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0100_005E The Lost Prince Frances Hodgson Burnett

XXII A Night Vigil

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The Rat had been very silent all the morning. He had been silent when they got up, and he had scarcely spoken when they made their way to the station at Munich and sat waiting for their train. It seemed to Marco that he was thinking so hard that he was like a person who was far away from the place he stood in. His brows were drawn together and his eyes did not seem to see the people who passed by. Usually he saw everything and made shrewd remarks on almost all he saw. But to-day he was somehow otherwise absorbed. He sat in the train with his forehead against the window and stared out. He moved and gasped when he found himself staring at the Alps, but afterwards he was even strangely still. It was not until after the sleepy old peasant had gathered his bundles and got out at a station that he spoke, and he did it without turning his head.

``You only told me one of the two laws,'' he said. ``What was the other one?''

Marco brought himself back from his dream of reaching the highest mountain-top and seeing clouds float beneath his feet in the sun. He had to come back a long way.

``Are you thinking of that? I wondered what you had been thinking of all the morning,'' he said.

``I couldn't stop thinking of it. What was the second one?'' said The Rat, but he did not turn his head.

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``It was called the Law of Earthly Living. It was for every day,'' said Marco. ``It was for the ordering of common things--the small things we think don't matter, as well as the big ones. I always remember that one without any trouble. This was it:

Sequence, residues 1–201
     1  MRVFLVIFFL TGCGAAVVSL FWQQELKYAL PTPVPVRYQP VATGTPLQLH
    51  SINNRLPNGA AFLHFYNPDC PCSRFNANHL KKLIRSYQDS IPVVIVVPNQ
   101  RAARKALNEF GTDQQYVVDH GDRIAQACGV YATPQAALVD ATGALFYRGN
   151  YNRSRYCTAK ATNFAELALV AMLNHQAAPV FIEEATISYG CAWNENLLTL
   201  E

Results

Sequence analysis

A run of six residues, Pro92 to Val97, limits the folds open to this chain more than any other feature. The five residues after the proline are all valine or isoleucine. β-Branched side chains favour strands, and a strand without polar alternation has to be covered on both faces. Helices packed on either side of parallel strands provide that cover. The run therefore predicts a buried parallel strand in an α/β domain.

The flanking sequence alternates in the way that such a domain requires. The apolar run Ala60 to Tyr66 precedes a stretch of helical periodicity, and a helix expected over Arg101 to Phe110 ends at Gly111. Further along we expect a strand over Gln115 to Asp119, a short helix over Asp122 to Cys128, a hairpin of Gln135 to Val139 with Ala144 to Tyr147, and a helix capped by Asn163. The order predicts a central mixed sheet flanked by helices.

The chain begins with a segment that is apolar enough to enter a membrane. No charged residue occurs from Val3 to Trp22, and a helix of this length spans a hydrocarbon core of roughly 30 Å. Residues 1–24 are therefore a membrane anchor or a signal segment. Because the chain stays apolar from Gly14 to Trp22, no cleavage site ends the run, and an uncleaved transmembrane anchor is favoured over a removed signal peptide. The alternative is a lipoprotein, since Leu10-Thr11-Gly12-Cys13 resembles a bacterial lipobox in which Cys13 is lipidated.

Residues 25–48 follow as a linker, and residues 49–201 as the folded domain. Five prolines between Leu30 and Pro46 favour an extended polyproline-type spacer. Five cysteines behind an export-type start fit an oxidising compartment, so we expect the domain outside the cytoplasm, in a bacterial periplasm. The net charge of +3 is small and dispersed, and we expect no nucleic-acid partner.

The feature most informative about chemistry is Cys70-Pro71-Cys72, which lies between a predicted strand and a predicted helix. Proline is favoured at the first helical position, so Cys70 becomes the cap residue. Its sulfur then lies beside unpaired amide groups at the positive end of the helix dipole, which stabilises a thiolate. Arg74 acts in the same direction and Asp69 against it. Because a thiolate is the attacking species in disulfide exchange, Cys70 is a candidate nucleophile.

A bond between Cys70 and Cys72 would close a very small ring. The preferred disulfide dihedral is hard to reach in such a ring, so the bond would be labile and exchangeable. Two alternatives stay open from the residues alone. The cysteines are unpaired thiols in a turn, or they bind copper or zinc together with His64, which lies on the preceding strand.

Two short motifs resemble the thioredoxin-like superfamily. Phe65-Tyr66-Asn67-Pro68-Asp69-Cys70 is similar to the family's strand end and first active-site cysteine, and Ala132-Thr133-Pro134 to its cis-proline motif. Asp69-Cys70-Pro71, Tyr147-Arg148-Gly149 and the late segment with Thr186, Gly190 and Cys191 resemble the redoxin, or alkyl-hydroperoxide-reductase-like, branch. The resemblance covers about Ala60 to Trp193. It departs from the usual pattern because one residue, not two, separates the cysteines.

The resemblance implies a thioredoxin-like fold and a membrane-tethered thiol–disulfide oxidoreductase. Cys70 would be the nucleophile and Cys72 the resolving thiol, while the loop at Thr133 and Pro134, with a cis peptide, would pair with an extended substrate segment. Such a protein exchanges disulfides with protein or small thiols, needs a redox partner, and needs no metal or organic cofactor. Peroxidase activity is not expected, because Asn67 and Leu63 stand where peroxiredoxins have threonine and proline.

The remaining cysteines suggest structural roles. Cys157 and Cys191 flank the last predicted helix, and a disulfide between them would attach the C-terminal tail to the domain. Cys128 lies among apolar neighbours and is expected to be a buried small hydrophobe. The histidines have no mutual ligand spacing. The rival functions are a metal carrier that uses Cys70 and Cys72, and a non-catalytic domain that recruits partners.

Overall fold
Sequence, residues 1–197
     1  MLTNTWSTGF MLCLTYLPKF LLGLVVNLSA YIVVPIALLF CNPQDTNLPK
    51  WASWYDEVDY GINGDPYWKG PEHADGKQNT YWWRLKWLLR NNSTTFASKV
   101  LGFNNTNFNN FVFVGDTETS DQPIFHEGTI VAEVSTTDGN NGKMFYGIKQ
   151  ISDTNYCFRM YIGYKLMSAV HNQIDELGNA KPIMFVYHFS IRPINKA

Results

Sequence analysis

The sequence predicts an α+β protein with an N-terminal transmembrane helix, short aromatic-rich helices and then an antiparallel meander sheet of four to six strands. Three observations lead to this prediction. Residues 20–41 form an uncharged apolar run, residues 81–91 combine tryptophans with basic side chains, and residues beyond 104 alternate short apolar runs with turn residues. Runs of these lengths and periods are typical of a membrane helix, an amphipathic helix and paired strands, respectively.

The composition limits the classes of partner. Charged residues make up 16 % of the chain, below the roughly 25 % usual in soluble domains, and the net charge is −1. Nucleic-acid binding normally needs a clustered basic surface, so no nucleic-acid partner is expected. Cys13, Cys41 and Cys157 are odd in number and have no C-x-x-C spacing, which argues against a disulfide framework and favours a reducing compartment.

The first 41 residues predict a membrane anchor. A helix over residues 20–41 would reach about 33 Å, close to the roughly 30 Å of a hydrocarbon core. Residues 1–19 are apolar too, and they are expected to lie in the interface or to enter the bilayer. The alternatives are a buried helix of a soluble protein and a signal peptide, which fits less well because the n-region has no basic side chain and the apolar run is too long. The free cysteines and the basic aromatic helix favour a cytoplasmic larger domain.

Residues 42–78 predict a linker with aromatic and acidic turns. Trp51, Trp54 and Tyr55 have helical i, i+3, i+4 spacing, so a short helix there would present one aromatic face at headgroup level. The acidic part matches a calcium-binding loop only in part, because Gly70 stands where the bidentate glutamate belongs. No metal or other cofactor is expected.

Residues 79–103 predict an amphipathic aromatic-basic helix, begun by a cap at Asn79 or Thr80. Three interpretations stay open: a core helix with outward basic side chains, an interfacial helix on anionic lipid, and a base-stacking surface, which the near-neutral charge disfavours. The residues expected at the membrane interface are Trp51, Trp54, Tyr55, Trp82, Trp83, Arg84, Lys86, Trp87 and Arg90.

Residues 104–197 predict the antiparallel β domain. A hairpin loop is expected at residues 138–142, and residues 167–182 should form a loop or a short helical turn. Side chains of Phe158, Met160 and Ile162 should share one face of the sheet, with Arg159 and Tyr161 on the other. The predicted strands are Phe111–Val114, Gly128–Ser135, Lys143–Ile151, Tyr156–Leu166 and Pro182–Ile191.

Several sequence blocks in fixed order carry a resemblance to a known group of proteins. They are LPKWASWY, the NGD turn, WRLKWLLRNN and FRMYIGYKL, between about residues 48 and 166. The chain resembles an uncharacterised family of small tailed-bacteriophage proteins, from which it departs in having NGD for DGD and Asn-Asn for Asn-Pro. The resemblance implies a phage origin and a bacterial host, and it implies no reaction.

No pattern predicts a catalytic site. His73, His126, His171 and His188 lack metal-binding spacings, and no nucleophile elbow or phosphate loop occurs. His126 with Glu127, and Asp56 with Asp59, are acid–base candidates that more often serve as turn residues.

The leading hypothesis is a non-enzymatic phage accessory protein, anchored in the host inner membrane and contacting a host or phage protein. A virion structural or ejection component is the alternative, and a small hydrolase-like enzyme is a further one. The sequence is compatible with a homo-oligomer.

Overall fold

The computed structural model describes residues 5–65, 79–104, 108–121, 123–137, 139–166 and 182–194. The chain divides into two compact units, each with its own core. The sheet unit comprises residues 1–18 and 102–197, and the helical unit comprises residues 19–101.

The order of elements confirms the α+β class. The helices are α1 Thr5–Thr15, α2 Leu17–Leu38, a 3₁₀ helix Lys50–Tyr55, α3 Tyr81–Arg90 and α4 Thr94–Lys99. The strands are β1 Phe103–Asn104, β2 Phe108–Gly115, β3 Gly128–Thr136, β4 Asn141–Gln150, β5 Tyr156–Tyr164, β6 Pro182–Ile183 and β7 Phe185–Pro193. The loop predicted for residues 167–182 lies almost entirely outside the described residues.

`` `Let pass through thy mind, my son, only the image thou wouldst desire to see become a truth. Meditate only upon the wish of thy heart--seeing first that it is such as can wrong no man and is not ignoble. Then will it take earthly form and draw near to thee.

`` `This is the Law of That which Creates.' ''

Then The Rat turned round. He had a shrewdly reasoning mind.

``That sounds as if you could get anything you wanted, if you think about it long enough and in the right way,'' he said. ``But perhaps it only means that, if you do it, you'll be happy after you're dead. My father used to shout with laughing when he was drunk and talked about things like that and looked at his rags.''

He hugged his knees for a few minutes. He was remembering the rags, and the fog-darkened room in the slums, and the loud, hideous laughter.

``What if you want something that will harm somebody else?'' he said next. ``What if you hate some one and wish you could kill him?''

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The Lost Prince
Frances Hodgson Burnett

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